434101 Enhanced Lithium-Sulfur Battery By Amine-Functionalized Carbon Nanotube Cathode

Tuesday, November 10, 2015: 2:05 PM
253B (Salt Palace Convention Center)
Lin Ma, Cornell University, Ithaca, NY and Lynden A. Archer, School of Chemical and Biomolecular Engineering, Cornell University, Ithaca, NY

Enhanced Lithium-Sulfur battery by amine-functionalized carbon nanotube cathode

The rechargeable Lithium-Sulfur (Li-S) battery is an attractive platform for high-energy, low-cost electrochemical energy storage due to the low cost of sulfur ($0.02/g) and the high theoretical energy density (2500 Wh/kg or 2800 Wh/L) of the sulfur cathode. Practical Li-S cells are limited by several fundamental issues, which derive from the complex solid-state and solution physical chemistry of the electrodes and electrolyte. The poor ionic and electronic conductivity of sulfur and its reduction compounds with lithium leads to poor electrode kinetics and active material utilization. Dissolution of long-chain lithium polysulfides (Li2Sx, 2 < x < 8) (LiPS) into the electrolyte and the shuttling of polysulfides between cathode and anode consume the active material in a parasitic process that ultimately ends in premature cell failure. A variety of methods have been applied to prevent the dissolution of LiPS, the most effective of which focus on synergetic benefits of nanoengineered carbons to simultaneously facilitate electron transport and to sequester soluble species in the cathode. However, the effective barrier such materials present to dissolution of LiPS are now understood to be kinetic; a soluble LiPS species trapped by the host will eventually leach into the electrolyte. It is possible to augment interactions between cathode components and LiPS by using polar additives or oxides, but additives or oxides are insulator, which will lower the conductivity of the electrode, resulting in limited utilization of the active materials.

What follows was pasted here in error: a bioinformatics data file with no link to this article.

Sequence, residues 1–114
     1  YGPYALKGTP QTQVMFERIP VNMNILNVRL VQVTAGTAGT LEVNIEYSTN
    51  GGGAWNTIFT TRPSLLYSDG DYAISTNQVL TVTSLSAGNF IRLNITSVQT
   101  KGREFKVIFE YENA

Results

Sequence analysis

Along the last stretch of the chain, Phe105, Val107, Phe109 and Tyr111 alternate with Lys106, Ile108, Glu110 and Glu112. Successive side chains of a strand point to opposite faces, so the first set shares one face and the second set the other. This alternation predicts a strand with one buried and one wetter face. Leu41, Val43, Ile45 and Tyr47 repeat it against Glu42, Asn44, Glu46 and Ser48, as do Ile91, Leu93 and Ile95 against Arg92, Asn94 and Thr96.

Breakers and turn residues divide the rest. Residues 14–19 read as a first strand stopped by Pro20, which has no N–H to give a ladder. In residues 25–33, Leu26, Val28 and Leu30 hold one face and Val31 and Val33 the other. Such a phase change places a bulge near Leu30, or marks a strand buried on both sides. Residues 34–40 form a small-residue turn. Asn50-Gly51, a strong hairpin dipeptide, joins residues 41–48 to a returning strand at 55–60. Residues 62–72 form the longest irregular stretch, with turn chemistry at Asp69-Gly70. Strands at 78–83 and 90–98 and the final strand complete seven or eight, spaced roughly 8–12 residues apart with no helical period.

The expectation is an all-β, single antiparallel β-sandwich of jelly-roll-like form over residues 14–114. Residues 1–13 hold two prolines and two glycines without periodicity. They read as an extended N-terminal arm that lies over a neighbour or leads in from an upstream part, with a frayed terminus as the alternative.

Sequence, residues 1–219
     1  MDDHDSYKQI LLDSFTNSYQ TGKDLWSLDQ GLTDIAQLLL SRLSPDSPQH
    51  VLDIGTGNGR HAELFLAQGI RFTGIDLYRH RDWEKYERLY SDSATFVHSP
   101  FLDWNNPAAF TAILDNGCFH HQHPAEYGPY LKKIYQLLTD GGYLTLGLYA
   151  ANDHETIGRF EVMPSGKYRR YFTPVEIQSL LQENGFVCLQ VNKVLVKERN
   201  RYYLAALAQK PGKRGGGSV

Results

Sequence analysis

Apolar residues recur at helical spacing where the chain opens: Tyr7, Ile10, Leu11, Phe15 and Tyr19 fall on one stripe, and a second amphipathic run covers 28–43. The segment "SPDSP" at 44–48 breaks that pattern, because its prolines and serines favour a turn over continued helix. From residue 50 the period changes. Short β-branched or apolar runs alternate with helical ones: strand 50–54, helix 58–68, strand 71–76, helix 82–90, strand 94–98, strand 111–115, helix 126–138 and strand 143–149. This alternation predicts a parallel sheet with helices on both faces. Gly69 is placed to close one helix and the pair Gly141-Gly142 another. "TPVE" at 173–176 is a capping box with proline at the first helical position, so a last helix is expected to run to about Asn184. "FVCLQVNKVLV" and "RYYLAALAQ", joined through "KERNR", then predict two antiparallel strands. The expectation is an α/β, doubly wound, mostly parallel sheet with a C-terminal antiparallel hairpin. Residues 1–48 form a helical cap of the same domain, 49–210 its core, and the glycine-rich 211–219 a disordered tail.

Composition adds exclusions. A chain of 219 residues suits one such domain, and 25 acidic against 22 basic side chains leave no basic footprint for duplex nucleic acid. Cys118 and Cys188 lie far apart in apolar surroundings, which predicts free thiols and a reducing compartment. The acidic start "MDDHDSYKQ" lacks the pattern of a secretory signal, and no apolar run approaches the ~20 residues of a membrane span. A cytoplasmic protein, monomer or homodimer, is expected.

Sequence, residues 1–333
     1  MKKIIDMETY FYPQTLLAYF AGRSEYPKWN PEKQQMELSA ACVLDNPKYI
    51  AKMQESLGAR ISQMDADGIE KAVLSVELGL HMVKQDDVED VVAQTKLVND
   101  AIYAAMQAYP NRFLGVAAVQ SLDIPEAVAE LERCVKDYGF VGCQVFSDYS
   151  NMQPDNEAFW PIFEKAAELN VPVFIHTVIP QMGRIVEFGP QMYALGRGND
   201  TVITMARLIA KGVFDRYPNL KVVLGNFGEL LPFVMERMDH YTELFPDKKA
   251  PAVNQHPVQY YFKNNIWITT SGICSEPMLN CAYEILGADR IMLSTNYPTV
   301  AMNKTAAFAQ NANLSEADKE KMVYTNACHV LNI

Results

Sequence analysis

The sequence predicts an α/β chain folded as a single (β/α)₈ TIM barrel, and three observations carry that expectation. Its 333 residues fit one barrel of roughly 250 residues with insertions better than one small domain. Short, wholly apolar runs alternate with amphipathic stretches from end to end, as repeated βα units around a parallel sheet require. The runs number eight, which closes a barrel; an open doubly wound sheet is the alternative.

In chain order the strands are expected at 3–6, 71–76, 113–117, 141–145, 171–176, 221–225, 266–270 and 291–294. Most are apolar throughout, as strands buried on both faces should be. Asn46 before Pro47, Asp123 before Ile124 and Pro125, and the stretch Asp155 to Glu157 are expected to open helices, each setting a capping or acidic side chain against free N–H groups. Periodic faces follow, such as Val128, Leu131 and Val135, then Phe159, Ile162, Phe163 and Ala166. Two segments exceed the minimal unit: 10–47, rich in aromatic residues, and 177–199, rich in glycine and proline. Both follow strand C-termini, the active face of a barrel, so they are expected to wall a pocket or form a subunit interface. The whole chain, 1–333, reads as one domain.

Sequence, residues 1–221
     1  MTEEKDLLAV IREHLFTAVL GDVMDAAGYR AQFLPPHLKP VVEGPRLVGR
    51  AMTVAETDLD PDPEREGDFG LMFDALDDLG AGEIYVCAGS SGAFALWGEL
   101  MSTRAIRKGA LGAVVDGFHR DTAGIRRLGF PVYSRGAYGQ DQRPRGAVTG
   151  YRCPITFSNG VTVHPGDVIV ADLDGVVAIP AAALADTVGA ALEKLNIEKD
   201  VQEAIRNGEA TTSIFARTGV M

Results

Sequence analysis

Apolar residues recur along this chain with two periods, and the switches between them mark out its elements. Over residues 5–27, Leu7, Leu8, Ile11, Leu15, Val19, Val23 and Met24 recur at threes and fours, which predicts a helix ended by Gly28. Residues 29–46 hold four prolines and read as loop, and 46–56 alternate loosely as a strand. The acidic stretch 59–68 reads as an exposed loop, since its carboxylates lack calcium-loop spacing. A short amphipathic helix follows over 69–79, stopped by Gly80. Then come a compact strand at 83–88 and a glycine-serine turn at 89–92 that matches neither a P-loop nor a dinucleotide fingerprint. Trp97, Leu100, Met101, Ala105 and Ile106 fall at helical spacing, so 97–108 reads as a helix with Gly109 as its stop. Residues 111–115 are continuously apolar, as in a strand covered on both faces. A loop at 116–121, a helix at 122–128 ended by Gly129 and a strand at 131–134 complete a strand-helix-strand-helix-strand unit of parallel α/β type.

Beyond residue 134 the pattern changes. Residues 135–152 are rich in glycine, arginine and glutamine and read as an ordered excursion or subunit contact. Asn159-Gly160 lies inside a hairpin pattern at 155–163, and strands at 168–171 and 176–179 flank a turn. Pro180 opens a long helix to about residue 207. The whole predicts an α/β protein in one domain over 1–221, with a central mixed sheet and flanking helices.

In this talk, we report on an approach that allows high-performance sulfur-carbon cathodes to be designed and synthesized. Specifically, Polyethylenimine (PEI) polymers bearing a large amount of amine groups in every molecular unit are attached to the cathode by reaction with hydroxyl and carboxyl functionalized carbon nanotubes (Figure 1). The covalent attachment is confirmed by XPS and Raman spectroscopy. And, the strong affinity of LiPS to PEI-functionalized CNT is verified by density functional theoretical (DFT) analysis, which shows a high binding energy of 1.23 eV, which is much higher than that of 0.34eV between LiPS and graphene and 0.83eV between LiPS and PVDF. The interaction is also confirmed by FTIR, XPS, and other characterization techniques. Significantly, we also show that there is also strong bonding between elemental sulfur and the composite, which is expected to further stabilize the active materials in the Li-S cathode. With the merits of CNT such as good conductivity and robust mechanical properties, the nanocomposite of amine-functionalized CNT and sulfur exhibits excellent electrochemical properties, including stable cycling performance with high capacities at rates up to 3.35 mA/cm2 or 2C (Figure 2).

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Figure 1. Schematic illustrating modification of CNT with PEI and structure of PEI deduced from DFT analysis of the binding energy between PEI and Li-S.  species.

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Figure 2. (a) Discharge capacity as a function of cycle number for Li-S cells cycled galvanostatically at rates from 0.84 mA/cm2 (0.5C) to 3.35 mA/cm2 (2C)(70% sulfur in the composite). The blank circles correspond to the Coulombic efficiency. (b) Voltage profile for Li-S cells at different current rates.

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See more of this Session: Carbon Nanomaterials Graduate Student Award Session
See more of this Group/Topical: Nanoscale Science and Engineering Forum